Summing up, the system described here, entirely developed in C (Vax C/Ultrix-32, version 1.0), can perceive and recognize complex type-printed molecular structures and allows one[sic] for the automatic input of this graphic information to a computer system. For hand-printed molecular structures however, there are some limitations for character recognition but not for graph (skeleton) recognition.
M. Leonor Contreras et al. J. Chem. Inf. Comput. Sci. 1990, 30, 302-307
Raster images of 2-D molecular structures are everywhere - in books, in journal articles, on photocopies, in notebooks, and most importantly, on the internet (for example, on this page and this one). Although readily interpretable by humans, these renderings are useless to computer indexing systems - unless they can be translated into machine-readable representational schemes such as connection tables.
Ideally, content providers would encode their documents in such a way that chemical structure information is machine-indexable. Sadly, there are numerous options, no standard, and few tools specifically designed for doing so. Although the recent introduction of InChI may provide a solution going forward, raising awareness to the level needed to produce a significant change will take some time. Even if an encoding system can be standardized, it can't address the problem of the thousands, if not millions, of documents already in existence.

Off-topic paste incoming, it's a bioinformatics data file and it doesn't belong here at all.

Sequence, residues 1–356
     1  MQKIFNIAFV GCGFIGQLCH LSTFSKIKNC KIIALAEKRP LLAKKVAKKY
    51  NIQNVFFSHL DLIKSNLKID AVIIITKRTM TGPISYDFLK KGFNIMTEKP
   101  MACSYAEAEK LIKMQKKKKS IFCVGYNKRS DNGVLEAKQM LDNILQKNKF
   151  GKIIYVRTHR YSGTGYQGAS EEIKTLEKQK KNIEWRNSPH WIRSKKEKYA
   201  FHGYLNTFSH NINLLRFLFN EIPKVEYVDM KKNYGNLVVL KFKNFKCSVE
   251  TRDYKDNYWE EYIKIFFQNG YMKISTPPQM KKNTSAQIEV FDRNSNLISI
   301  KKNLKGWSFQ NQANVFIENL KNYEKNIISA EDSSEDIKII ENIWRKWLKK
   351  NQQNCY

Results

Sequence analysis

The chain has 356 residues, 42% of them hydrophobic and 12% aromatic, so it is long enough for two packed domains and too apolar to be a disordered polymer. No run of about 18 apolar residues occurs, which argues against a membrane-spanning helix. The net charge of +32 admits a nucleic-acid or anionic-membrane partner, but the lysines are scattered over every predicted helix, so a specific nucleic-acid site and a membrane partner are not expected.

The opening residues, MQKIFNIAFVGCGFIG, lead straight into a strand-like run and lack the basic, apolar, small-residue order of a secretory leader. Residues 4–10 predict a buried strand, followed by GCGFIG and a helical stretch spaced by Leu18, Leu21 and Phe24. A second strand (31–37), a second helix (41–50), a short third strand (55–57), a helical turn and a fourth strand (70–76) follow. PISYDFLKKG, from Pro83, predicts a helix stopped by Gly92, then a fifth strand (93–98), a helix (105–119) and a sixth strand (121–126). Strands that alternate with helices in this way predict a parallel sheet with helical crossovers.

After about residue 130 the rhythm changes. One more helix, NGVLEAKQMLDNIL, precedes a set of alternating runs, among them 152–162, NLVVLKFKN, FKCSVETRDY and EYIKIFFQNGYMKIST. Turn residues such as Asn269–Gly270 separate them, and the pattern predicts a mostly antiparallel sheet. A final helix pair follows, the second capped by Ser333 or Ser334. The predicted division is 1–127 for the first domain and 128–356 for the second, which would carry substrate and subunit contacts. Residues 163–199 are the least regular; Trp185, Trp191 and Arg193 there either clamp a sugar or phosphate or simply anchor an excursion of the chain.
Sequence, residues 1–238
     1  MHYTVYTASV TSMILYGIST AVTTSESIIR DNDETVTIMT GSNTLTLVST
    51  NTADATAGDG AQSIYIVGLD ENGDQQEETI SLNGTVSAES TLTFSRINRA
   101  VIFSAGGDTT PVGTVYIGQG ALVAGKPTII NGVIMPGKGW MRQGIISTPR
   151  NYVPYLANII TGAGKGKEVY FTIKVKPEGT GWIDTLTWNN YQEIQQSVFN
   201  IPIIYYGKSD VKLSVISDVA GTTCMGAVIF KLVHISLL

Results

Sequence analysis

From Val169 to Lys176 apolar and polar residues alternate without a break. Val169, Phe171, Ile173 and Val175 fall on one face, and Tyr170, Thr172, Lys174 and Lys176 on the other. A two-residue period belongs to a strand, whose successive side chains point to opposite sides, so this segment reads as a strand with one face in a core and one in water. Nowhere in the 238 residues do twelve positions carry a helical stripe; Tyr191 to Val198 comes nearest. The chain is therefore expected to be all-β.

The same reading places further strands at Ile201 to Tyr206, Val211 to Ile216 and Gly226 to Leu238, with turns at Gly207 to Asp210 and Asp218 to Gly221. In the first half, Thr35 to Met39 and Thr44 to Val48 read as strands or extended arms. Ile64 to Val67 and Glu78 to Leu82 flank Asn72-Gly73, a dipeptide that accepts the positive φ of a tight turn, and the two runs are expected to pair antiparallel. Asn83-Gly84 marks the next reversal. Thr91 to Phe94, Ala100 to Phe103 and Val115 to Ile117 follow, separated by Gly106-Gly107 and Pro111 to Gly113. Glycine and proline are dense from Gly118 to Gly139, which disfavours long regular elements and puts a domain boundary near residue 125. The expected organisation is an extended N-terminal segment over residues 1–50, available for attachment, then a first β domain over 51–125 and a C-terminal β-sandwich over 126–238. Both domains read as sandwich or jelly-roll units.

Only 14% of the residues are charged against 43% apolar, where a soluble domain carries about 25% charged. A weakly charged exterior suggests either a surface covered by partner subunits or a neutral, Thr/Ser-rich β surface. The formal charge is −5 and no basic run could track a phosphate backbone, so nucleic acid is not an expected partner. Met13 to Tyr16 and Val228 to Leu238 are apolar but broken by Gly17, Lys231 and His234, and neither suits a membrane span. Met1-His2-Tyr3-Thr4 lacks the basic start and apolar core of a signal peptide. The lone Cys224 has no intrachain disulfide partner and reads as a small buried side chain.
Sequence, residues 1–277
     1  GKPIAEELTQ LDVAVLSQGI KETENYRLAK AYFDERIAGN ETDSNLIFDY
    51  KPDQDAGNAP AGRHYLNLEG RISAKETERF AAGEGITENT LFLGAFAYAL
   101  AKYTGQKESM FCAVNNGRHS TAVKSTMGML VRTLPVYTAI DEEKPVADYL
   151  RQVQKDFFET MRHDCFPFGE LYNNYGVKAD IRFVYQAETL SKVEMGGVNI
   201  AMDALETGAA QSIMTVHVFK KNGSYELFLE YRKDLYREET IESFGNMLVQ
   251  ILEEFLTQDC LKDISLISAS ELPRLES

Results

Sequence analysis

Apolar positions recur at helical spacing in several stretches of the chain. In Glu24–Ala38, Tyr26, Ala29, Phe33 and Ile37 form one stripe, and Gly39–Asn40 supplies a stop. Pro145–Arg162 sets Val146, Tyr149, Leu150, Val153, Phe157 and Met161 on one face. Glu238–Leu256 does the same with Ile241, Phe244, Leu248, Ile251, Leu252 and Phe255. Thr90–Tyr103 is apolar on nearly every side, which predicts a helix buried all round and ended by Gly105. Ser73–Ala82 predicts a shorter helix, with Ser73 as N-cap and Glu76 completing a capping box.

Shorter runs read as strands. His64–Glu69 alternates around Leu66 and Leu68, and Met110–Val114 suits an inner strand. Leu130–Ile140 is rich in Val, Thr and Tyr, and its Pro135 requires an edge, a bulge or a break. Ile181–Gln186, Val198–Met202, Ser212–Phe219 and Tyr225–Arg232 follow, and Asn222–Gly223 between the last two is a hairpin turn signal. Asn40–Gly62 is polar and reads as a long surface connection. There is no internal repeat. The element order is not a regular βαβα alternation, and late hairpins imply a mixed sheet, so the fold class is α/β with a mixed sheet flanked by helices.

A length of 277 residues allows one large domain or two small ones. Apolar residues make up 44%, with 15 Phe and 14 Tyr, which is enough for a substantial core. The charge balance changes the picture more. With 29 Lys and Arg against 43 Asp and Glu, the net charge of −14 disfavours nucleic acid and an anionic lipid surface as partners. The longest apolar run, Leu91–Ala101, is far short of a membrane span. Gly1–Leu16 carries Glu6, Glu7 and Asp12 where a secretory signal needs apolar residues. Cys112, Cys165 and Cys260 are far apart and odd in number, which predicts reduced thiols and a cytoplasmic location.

The work by Contreras and coworkers was apparently one of the earliest reported attempts at solving this problem. A more recent work proposes the interesting possibility of using a two step process in which a raster image is converted first to an SVG document. In a separate step, this SVG document is then converted into a 2-D structure representational scheme. Free software capable of performing raster->SVG conversions is available (for example, Autotrace and Potrace). Given the heterogeneous nature of images on the web, automated image prescreening would be essential. The use of Machine Vision techniques was proposed as one solution.
As more chemical content makes its way to the web, the problem only gets worse. Fortunately, most of the raster images being posted are machine-generated with regular features. Raster image conversion has never been one of the more active areas of chemical informatics. Has the time come to revisit this problem? Going forward, what kinds of tools could content providers be given help them make their documents more searchable?